Dan Bejar dodges pigeonholing on a record that flip-flops between clashing styles
Destroyer’s Dan Bejar revisits the same song on three separate occasions during 10th album ‘Poison Season’ – his first since 2011’s sax-filled ‘Kaputt’ received rave reviews and turned the Vancouver-based musician into an unlikely star. Opener ‘Times Square, Poison Season I’ is a wry dig at record industry fakery, as Bejar sniffs at the sight of “[i]Artists and repertoire/Hand in hand[/i]” over woozy strings. Final track ‘Times Square, Poison Season II’ takes the same conceit but turns it jolly courtesy of stamp-along piano that could have been lifted from the knees-up finale of a Broadway musical. And sandwiched somewhere between those two bookends is the radio-friendly ‘70s rock of ‘Times Square’. “[i]Judy’s beside herself/Jack’s in a state of desolation[/i]”, sings Bejar in every one, but it never sounds the same: it’s once, twice, three times a different song.
For some sceptics, it’ll seem a wilfully obstinate trick. This, after all, is the same publicity-shy man who’s fond of publicly wishing he could make the world forget about ‘Kaputt’, which was nominated for Canada’s equivalent of the Mercury Prize, and the War On Drugs-style breakthrough it caused. Littering the follow-up with three variations on the same song could certainly shake off newcomers. But ‘Poison Season’ is also a record that’s gloriously nonsensical: unlike ‘Kaputt’, which was firmly rooted in ’80s soft rock, it manically flip-flops between jarring sounds and clashing styles. One minute, Bejar’s channeling ‘Born To Run’-era Springsteen with barreling riffs and blasting saxophones on the bright, breezy ‘Dream Lover’, and the next he’s swallowed up by the strange, stabbing strings and off-kilter orchestral trills of ‘Hell’.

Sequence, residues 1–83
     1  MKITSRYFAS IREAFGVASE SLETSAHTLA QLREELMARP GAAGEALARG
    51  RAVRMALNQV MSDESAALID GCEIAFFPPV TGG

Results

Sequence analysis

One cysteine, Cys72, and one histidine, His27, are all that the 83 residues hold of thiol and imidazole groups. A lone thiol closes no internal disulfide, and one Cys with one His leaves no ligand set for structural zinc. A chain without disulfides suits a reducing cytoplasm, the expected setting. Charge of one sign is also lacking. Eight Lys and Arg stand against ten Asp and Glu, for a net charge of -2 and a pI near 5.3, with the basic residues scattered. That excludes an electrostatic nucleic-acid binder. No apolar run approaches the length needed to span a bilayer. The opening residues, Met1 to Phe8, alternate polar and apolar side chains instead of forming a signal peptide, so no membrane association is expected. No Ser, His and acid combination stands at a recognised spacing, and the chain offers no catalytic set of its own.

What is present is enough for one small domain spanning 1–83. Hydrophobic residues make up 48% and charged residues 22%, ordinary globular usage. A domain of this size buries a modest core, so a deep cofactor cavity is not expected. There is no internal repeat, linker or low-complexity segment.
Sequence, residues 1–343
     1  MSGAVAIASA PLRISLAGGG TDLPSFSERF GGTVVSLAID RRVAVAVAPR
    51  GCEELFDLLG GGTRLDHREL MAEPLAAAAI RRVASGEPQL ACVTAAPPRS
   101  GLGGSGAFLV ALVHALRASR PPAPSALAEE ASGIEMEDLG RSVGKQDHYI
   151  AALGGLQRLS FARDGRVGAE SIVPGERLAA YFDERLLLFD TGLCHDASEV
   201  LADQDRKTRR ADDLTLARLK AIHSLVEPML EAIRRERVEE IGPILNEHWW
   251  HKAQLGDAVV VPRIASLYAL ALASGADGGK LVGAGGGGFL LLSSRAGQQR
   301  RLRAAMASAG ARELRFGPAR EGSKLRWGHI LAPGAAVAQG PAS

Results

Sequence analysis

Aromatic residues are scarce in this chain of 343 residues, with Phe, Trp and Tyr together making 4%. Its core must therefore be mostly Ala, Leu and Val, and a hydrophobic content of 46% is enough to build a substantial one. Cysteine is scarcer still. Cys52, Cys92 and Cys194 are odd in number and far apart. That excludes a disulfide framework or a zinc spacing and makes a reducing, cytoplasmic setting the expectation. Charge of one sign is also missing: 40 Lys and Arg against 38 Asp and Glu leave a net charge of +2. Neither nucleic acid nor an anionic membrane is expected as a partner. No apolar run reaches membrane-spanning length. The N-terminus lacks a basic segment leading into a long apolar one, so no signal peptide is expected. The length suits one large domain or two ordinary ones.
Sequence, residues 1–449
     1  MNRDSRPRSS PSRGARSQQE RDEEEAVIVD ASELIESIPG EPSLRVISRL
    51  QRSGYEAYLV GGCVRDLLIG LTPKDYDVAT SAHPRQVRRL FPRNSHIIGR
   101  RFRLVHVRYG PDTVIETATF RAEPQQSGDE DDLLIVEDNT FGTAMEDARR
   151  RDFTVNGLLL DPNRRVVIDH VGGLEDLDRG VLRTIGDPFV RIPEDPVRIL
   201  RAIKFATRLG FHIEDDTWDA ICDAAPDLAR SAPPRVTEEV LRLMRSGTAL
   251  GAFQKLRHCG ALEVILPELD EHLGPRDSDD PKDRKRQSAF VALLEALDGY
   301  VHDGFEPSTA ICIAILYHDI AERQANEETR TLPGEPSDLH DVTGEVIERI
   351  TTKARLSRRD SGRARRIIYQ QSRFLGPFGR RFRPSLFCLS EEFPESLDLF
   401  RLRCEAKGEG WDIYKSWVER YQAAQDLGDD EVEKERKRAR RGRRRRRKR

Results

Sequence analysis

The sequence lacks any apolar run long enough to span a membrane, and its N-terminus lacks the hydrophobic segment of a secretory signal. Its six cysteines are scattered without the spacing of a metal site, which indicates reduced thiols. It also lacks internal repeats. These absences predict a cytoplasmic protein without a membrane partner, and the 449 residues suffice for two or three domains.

The violent swings in sound are mirrored in Bejar’s lyrics, too. It’s fitting that an album that often feels like a determined attempt to dodge any pigeonholing is populated by characters determined to swim against the tide, from the doomed lovers desperate for “[i]the right to be free[/i]” on ‘Forces From Above’ to the disillusioned New York girl who “[i]despises the direction this city’s been going in[/i]” on sleepy ballad ‘The River’. “[i]You make a plea for me to come to my senses[/i]”, he sings on the showy, brassy camp of ‘Midnight Meet The Rain’, as if eagerly anticipating the naysayers. They should keep quiet: Bejar’s dismantled the old Destroyer sound, but he’s built something wonderfully disorientating in its stead.
Release date: 28 Aug, 2015